The Ubuntu Linux proof-of-concept was, however, just that. We knew users were looking for more than simple TCP port filtering, and from on-going discussions with possible participants in the program (given that many were migrating from the existing Shared Firewall), there was already familiarity with Palo Alto and its operating systems. Palo Alto has an OpenStack compatible image, and plenty of documentation on getting the Palo Alto VM-Series firewall up and running in an OpenStack environment, so we moved forward with it as the next-generation firewall solution. However, we quickly encountered a problem.

Performance woes

Our proof-of-concept was doing only simple TCP port filtering, but PANOS provides much more functionality and, as such, we found there to be performance limits in our current configuration. As traffic would transit the virtual firewall, we saw that our 1 Gb link was pushing less than 400 Mbps of traffic, whereas we would have expected near full usage of the link. We tried tweaking Neutron by moving away from OpenVSwitch in our implementation to just linuxbridge, meaning there would be less virtualization overhead. This improved things a little, but still not enough to give us the performance we needed. The last trick to try was something called Single Route I/O Virtualization, or SRIOV. This would move some of the burden of network virtualization off the host kernel, using the network card itself to virtualize the network ports. Implementing SRIOV required us to upgrade the OpenStack cloud to a newer release, including an upgrade to the Ubuntu Linux release. After we updated to Ubuntu 16.04 and OpenStack Mitaka, SRIOV worked, and our network performance improved from the abysmal sub 400 Mbps to over 900 Mbps, right where we expected it to be!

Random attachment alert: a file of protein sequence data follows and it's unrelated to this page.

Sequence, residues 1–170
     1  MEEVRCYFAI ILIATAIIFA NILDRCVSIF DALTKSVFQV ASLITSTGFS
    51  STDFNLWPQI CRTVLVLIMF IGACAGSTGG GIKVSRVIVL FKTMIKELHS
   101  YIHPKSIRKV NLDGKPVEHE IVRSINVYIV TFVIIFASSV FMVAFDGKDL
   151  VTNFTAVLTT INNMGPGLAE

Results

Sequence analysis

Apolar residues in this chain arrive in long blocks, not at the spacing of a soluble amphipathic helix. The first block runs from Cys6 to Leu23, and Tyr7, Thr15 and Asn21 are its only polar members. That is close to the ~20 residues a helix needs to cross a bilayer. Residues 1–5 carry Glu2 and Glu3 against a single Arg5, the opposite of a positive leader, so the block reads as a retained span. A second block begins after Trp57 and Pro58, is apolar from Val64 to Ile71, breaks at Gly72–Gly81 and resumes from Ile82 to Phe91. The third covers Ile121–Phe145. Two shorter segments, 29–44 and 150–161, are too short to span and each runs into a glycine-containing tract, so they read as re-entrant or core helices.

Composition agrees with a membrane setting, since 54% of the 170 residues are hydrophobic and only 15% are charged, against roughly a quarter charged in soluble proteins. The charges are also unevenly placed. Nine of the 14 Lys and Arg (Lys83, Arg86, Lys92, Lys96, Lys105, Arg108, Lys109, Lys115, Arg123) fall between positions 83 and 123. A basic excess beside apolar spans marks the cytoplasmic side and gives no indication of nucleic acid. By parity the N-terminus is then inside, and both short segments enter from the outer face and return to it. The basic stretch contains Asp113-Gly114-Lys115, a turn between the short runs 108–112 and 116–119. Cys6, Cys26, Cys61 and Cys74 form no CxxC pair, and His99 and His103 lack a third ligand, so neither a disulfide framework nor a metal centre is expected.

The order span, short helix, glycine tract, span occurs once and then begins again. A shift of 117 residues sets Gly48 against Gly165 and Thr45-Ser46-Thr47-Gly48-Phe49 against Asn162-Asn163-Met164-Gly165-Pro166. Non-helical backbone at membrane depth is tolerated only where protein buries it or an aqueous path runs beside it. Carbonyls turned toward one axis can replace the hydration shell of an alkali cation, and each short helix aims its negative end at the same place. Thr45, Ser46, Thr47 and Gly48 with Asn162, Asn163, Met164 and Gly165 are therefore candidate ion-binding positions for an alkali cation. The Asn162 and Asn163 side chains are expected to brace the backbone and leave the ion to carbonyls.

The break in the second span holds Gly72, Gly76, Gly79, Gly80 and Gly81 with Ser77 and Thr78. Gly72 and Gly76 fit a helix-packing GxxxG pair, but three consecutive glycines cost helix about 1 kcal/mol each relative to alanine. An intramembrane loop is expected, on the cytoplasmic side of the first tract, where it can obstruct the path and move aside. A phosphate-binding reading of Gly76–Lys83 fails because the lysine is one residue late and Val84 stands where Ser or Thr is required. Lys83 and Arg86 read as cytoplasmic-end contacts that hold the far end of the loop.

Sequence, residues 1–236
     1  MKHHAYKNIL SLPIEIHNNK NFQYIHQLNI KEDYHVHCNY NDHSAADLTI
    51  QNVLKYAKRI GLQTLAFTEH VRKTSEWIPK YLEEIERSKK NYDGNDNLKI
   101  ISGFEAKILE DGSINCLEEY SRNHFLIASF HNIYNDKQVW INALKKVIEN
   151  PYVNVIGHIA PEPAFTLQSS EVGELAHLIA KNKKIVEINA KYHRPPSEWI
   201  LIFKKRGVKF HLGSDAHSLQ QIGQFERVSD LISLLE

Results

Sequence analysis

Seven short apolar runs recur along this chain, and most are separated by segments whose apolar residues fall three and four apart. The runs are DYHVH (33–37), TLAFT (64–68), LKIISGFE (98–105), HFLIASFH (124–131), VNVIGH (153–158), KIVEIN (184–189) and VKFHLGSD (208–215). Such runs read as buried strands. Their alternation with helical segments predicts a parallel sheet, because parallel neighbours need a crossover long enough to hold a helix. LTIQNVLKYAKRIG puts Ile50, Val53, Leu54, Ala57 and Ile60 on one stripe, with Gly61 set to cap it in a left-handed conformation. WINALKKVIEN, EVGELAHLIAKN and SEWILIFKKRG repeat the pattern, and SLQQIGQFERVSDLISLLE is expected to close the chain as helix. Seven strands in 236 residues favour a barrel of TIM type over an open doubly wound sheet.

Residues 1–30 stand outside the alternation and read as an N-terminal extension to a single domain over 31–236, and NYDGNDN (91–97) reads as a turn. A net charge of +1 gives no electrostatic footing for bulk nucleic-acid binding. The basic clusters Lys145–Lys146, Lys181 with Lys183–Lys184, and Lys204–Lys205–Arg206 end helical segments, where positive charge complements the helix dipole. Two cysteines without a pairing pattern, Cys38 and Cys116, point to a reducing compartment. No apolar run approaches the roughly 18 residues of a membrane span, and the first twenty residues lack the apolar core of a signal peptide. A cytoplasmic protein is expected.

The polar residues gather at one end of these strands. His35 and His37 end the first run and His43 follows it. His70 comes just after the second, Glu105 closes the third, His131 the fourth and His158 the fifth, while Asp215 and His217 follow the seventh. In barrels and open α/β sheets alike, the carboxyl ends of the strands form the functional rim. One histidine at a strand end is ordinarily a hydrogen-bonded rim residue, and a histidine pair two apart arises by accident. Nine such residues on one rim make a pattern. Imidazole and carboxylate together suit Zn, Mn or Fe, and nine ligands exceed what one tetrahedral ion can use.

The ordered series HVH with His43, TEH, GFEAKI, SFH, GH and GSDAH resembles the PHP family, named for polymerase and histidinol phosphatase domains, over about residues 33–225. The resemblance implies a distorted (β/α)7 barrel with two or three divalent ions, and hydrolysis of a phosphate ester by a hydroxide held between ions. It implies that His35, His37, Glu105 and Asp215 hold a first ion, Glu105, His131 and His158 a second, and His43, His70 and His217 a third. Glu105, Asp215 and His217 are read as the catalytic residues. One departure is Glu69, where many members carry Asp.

Pilot to Production